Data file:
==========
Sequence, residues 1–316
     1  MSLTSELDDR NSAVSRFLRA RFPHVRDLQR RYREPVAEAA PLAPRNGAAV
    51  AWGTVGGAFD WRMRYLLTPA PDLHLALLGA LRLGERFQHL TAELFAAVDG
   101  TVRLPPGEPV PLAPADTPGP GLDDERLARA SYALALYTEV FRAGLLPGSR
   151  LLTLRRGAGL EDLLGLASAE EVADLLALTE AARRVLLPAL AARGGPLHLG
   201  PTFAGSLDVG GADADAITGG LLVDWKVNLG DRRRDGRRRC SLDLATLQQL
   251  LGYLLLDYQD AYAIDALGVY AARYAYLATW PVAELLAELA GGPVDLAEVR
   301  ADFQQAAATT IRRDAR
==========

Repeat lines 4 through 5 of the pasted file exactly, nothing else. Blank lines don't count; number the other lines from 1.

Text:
   101  TVRLPPGEPV PLAPADTPGP GLDDERLARA SYALALYTEV FRAGLLPGSR
   151  LLTLRRGAGL EDLLGLASAE EVADLLALTE AARRVLLPAL AARGGPLHLG